What Happens To Your Debt When You Die?
No one knows for sure what happens to us after we die. We do, however, know what happens to our debt: it lives on. Specifically, any debts you leave behind transition over to probate court and becomes the responsibility of your estate. Before we go further, it’s important to note that Arizona is a community property state, meaning that surviving spouses are responsible for clearing any debts that were acquired during the marriage. Spouses are not responsible for any outstanding debt brought on before or after the marriage. In most instances, it will be up to the executor of your estate to settle your outstanding debts – typically by using your assets to settle any claims. If there is no money left in your estate, creditors will usually erase the debt.
For homeowners, any outstanding mortgage debt is typically handled in one of three ways:
- Funds from the sale of other portions of your estate are packaged to pay off the mortgage
- An inheritor will have the option of assuming the mortgage
- The home will be sold, with the proceeds going to satisfy the balance of the mortgage first before being shared with others as stipulated in your will
Credit Card Debt
Unlike mortgages and automobile loans, credit card debts are not secured by assets. If there is an account co-holder, that person is responsible for the outstanding balance. Joint account holders – not authorized users – are held responsible for any remaining debts on the card.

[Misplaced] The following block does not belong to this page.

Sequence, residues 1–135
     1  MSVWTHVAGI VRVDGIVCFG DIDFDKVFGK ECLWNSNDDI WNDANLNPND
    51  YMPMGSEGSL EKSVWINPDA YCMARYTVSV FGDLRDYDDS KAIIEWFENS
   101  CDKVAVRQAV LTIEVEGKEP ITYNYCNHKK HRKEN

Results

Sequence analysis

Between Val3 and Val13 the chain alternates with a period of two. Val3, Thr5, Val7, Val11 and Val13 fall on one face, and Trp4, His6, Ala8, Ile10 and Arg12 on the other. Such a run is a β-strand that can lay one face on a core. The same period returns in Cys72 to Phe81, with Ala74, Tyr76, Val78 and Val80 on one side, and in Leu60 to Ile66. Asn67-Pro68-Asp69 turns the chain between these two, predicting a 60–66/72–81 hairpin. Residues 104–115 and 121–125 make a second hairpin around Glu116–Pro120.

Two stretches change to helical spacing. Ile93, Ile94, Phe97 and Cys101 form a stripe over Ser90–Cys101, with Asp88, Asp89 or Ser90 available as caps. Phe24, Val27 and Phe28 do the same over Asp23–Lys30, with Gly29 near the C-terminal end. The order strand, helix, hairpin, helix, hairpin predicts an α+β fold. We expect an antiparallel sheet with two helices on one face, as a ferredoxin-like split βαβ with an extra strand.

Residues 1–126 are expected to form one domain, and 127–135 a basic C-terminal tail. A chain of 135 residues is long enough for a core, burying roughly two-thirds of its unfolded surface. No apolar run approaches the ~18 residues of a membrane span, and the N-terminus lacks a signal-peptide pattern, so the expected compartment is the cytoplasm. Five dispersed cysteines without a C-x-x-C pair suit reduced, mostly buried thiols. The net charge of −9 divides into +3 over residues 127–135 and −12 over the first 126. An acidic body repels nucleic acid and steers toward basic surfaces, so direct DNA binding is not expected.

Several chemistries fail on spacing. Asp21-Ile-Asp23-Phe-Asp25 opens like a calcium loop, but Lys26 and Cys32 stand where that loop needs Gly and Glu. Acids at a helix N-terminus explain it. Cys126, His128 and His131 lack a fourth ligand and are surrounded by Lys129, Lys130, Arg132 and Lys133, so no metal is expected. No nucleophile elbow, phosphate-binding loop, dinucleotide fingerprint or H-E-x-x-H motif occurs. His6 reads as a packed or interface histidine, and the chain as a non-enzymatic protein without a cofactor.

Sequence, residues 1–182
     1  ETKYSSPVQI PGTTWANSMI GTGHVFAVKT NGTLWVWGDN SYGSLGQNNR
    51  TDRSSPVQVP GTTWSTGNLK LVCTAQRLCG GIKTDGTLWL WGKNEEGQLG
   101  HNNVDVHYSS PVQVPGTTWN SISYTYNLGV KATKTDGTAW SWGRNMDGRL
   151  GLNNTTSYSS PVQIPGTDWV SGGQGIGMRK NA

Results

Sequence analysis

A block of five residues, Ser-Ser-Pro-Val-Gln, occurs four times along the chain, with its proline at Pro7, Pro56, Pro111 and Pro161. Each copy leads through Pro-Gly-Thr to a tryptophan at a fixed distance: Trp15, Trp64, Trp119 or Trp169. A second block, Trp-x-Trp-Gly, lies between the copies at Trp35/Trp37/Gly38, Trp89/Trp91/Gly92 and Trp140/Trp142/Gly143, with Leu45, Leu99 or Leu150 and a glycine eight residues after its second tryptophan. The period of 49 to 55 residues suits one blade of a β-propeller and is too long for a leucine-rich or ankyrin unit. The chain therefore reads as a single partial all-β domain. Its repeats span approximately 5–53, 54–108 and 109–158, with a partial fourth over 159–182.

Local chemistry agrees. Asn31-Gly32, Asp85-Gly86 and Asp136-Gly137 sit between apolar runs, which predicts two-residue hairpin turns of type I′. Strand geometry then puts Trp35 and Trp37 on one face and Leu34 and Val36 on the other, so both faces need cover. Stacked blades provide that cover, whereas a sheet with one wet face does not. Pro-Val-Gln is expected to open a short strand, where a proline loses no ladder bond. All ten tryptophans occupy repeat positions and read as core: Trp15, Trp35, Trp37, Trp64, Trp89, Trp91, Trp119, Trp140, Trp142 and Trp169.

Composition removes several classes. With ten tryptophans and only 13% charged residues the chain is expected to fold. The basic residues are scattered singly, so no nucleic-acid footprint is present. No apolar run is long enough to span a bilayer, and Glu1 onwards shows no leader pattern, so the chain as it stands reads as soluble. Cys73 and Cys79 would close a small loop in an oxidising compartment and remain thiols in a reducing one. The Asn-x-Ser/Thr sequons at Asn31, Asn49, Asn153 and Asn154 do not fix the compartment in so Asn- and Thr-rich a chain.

Retirement Accounts and Life Insurance Proceeds
Normally, assets from retirement accounts 401(k)s, pension plans and IRAs will go directly to your beneficiaries and are off limits to creditors. Any proceeds from your life insurance will go directly to your named beneficiaries – not creditors. However, if the beneficiaries are also deceased, the proceeds revert back to the estate – making them fair game for settling any outstanding debt. Making sure your finances are in order is best done when you consult with a neutral party skilled in all of the legal consequences that could arise. To speak with an attorney adept at all the legal responsibilities of debt and bankruptcy, contact the offices of Statewide Bankruptcy here in Arizona at (602) 225-2222.